…which is why I want to go on the pill too. How long after I get the pill do I have to wait before I can have sex?
First of all, great job taking control of your sexual health!
It’s a great idea to consider condoms and dental dams when you’re thinking about engaging in sexual activities. If used correctly and consistently, condoms can help prevent pregnancy and STI transmission by up to 98%!
Even if you are using condoms, it’s still important to think about starting a birth control method if you are engaging in the type of sex that can result in pregnancy. The pill is a great option for someone who can remember to take a pill at the same time every day! If taken correctly and consistently, the pill can be anywhere from 92-99% effective in helping prevent pregnancy. Teen Clinic offers the pill along with quite a few other methods that can help prevent unplanned pregnancy. Here are some examples of methods we provide and a little bit information about each one!
- Abstinence– abstaining from oral, vaginal, and anal sex is the only way to prevent unplanned pregnancy and STIs 100% of the time
- Condoms, etc.– Male (external) condoms, female (internal) condoms, and dental dams help to reduce your risk of unplanned pregnancy and STIs
- Birth Control Pills (estrogen, progesterone, and a combination of both)- take every day at the same time
- Birth Control Patch (Ortho Evra)- change every week
- Birth Control Ring (Nuvaring)- change every month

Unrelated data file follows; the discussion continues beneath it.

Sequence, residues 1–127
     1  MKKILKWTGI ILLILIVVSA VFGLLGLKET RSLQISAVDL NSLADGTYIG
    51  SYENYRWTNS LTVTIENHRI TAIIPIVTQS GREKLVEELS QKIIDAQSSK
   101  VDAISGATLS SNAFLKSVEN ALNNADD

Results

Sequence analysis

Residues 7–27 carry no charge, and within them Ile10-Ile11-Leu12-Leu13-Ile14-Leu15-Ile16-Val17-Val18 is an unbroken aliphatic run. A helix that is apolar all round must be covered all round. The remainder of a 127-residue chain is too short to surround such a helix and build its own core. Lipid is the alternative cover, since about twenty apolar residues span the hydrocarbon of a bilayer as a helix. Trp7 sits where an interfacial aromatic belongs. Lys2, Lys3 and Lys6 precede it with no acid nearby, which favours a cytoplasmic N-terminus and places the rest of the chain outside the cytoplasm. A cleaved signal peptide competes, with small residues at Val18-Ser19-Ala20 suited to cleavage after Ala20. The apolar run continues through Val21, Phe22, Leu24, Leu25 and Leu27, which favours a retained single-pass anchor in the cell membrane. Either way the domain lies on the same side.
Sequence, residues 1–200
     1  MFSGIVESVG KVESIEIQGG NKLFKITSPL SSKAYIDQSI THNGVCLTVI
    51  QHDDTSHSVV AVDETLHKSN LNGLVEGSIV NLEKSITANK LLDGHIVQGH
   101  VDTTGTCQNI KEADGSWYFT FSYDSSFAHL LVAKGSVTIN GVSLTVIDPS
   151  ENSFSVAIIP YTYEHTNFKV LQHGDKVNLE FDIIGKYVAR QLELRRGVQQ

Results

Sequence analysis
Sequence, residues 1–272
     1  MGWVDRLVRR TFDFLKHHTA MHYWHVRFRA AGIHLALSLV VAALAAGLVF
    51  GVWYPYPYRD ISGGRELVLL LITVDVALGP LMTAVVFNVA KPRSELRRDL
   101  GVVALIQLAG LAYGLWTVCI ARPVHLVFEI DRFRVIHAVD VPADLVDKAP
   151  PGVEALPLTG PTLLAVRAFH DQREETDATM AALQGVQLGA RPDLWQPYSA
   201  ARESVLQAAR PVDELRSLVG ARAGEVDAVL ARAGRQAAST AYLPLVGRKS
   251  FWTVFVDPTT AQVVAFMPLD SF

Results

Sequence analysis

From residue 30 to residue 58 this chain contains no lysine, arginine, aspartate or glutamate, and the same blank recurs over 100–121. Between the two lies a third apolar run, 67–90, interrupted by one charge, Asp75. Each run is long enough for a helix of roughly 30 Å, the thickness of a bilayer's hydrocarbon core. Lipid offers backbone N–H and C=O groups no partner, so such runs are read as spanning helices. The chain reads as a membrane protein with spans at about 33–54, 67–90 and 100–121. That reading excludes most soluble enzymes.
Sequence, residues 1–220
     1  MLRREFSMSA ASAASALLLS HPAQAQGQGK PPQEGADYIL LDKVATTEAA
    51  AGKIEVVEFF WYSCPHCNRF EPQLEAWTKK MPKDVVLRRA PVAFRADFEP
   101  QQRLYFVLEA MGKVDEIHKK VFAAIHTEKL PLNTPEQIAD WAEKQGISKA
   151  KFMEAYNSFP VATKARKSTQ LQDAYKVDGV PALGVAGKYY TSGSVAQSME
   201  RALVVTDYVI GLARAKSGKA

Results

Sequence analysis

- Birth Control Shot (Depo Provera)- receive every 3 months
- Birth Control Implant (Nexplanon)- effective for 3 years
- Intrauterine Device/IUD Hormonal (Mirena)-effective for 5 years
- Intrauterine Device/IUD Non-hormonal (Paragard)- effective for 10 years
With any hormonal form of birth control, you will need to abstain from sexual acts where pregnancy can occur for one week. It takes one week for the hormones to take full effect and start helping to prevent unplanned pregnancy. Even after this first week though, Teen Clinic recommends using condoms and dental dams to help reduce your risk of transmitting an STI.
Another important thing to think about is consent. Consent is when people agree to a sexual activity without pressure, force or without being tricked. Anyone involved in the activity must be comfortable and feel safe. Another thing to think about is your “readiness.” It’s important that someone feels emotionally and physically ready for any type of sexual activity. Knowing the risks, knowing a partner and knowing yourself are key parts of readiness.
Know that you have the right to change your mind at any moment. Even if you’ve consented to an activity once, it doesn’t automatically mean you consent every time after that!
At the end of the day, it’s your body—and you have the right to make decisions that work for you. Teen Clinic encourages everyone to talk with a trusted adult – whether that’s a parent, another relative, a teacher, coach or clinician – if they are thinking about becoming sexually active.